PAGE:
And sure enough – it was partially filled with water. There she stopped, looking up at me, grinning proudly – not drinking herself, but actually waiting for me to take a sip.

So Masha, like probably most dogs, can find water – even underground. It’s not always drinkable, of course, but still an utterly useful survival skill when you’re many miles away from the next tap.

Endurance

And being far away does happen very often, because Masha likes those long hikes through the vast forests around us.

For long distances, her preferred gait is a medium trot – that is, the front and hind legs on opposite sides of the body move synchronously. This is the most energy-efficient way for a dog to move around, and she can keep walking that way for many miles.

It is though a little faster than a normal human walking speed, so in order to keep up with her I need to walk very fast and even synchronize my breathing. And above all I need really good all-terrain walking shoes.

Senses

Vision isn’t the strongest of Masha’s senses – especially when things are stationary and/or further away. She can detect very small movements even at great distances, but that doesn’t mean she will recognize what moves, and if things don’t move she will need additional information.

There are two ways for her to get this information.

One is my superior eyesight – I can see many things that are indiscernible for her eyes, especially at a distance, like landmarks for orientation. I can recognize people when they are still far away, and can tell if they are looking our way, or coming towards us.

Her other option is her sense of smell, which is to her like eye vision is to me.

Invisible things, easy to see

So, I walk with her into an abandoned pasture the other day, and at the entrance I ask her to wait. Then I walk over a hill, and when I’m sure she cannot see me anymore, I hide three balls.

I hide them carefully, digging one into the ground, placing another between two rocks and a third in a group of bushes. Walking back, I check several times that they really are invisible.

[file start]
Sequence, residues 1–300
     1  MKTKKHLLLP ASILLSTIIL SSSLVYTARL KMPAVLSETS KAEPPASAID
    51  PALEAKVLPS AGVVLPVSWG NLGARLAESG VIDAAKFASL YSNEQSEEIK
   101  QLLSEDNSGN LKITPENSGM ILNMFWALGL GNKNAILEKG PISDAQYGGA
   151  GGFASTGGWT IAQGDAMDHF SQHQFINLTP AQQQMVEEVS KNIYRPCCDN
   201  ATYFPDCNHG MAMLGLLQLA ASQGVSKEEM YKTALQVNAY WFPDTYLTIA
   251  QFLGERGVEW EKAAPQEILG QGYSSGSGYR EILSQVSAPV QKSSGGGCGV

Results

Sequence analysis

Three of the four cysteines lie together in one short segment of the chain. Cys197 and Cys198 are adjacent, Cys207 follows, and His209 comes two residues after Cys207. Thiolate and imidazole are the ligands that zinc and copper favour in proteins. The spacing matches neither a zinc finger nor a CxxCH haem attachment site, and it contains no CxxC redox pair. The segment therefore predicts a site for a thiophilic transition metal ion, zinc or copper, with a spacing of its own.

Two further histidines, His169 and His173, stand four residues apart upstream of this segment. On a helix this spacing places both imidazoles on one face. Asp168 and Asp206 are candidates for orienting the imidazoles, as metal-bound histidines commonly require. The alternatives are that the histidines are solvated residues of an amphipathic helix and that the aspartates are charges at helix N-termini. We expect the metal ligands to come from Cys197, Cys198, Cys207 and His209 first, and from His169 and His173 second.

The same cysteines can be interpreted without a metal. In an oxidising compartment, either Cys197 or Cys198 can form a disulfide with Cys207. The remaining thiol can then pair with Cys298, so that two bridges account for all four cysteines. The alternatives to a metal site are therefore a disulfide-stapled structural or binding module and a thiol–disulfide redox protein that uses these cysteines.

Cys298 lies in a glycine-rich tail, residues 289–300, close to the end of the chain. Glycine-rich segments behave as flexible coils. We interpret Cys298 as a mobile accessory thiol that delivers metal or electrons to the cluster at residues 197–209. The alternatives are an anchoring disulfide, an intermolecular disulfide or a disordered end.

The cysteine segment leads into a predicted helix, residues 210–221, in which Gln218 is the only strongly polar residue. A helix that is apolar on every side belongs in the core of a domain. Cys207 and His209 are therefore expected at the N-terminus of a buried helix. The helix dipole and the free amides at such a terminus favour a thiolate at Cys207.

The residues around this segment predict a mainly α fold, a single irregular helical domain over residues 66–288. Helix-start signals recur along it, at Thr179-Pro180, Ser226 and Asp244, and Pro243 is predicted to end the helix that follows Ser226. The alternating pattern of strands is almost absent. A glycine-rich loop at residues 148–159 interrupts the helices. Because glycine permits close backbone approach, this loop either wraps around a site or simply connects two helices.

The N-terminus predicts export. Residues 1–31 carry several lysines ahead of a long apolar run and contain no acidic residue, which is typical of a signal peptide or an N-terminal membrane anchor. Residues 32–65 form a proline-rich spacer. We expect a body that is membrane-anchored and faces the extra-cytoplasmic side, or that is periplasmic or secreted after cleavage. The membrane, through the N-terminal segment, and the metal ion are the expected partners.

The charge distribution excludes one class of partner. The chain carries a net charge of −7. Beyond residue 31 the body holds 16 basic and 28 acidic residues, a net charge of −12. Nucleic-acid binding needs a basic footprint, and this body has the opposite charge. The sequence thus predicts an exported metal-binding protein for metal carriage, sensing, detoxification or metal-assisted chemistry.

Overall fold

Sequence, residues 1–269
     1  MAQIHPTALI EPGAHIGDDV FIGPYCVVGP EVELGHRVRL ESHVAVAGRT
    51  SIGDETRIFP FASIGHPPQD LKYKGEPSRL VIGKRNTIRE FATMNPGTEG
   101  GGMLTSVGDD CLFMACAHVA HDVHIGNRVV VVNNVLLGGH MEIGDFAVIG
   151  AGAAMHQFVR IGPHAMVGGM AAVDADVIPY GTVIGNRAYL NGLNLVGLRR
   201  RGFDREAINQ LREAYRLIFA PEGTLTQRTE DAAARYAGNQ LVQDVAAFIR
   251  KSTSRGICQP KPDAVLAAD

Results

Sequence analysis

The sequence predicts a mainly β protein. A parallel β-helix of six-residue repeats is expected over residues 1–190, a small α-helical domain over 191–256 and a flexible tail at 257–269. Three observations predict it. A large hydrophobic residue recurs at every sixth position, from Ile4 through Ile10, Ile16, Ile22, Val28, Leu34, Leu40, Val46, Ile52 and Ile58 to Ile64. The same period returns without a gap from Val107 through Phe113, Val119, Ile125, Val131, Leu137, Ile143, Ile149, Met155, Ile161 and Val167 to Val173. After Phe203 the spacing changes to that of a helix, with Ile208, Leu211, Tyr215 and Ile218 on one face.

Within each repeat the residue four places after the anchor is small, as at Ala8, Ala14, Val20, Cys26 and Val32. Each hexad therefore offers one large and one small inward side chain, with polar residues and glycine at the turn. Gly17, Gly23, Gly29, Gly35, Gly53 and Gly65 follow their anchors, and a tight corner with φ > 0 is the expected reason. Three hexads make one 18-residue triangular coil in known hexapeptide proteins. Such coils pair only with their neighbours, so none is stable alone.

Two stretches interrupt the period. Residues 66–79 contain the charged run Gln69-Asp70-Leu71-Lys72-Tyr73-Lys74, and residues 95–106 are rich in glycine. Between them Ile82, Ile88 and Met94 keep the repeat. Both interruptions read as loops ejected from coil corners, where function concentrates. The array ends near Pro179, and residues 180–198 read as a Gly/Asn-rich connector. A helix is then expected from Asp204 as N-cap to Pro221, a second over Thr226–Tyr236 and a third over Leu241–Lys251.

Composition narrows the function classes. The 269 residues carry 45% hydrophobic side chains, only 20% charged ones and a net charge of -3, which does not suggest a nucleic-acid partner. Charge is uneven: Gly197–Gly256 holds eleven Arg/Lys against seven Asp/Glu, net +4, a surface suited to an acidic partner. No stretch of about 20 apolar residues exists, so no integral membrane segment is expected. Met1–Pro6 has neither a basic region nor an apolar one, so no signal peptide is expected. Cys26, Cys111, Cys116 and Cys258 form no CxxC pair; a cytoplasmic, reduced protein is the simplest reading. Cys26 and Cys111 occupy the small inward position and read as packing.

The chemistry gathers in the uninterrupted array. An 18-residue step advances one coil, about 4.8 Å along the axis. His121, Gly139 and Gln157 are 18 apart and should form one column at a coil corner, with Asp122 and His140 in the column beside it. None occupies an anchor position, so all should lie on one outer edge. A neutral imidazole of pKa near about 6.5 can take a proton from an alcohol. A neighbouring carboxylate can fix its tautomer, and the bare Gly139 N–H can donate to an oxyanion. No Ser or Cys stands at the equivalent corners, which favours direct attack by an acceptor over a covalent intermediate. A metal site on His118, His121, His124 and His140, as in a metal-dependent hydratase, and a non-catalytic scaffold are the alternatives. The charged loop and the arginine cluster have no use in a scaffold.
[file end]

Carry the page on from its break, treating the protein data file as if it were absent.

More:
Next, I ask Masha to find the balls. When she comes over the hill, she walks right up to the first ball and digs it up and brings it to me. Released from the retrieve, again she just walks right to the next ball between the two rocks, struggling a little to get it out.

What on earth guides her? She’s not sniffing around or searching in any way, just walks straight up to the hidden balls.

I watch closely, and then I can see it: she doesn’t actually search for the balls, she simply follows my foot steps, that invisible trail I left on the ground when I hid them. How…naive of me, and so typically human – I only hid the balls from myself, but not from her.

So what was meant to be a ”search” game, became a relatively simple retrieve.

Getting wet

To make it a little more exiting and fun for her, I throw the balls into the lake.

Water is second-nature to Masha, and fetching stuff from the lake has become her favorite pastime. She’s a good and enduring swimmer, so there is nothing to worry about.

Except…that shake when she comes out of the water – then she will be nearly dry, and I will be wet. So I’ve started to ask her to deliver the retrieve first, and then shake off the water after I’ve managed to get a few steps away. That’s quite a challenge.

Leadership

Some people say you have to dominate the dog at all times. The dog shall do as it is told, and nothing else. I must admit that I find it hard to relate to that.

Masha and I are two very different beings, and what brings us together is mutual respect, attentiveness, understanding and trust. We both make an effort to read each others mind – because we both want to understand and cooperate.

Leadership doesn’t mean domination to me, but rather means to show Masha what she can do, and to help her doing it.

We’re a team, we do things together that we both want. Neither of us pulls on the lead. Neither of us barks at the other. We play, we learn and we work together.

Happy Birthday

And certainly, there’s also love involved – so I want her to have a happy and interesting life.

Today is Masha’s first birthday. The little puppy has grown into a strong, fairly large and yet friendly and caring dog. We have good reasons to be proud of her, and we wish her all the best for the future.

And for those who will once meet her, some advice:

  • Be happy, be gentle – and you will be rewarded
  • Don’t shout, don’t command – ask nicely and pay
  • Running away means you want to be chased – and she is faster than you
  • Be prepared – she can be wet, and so will you be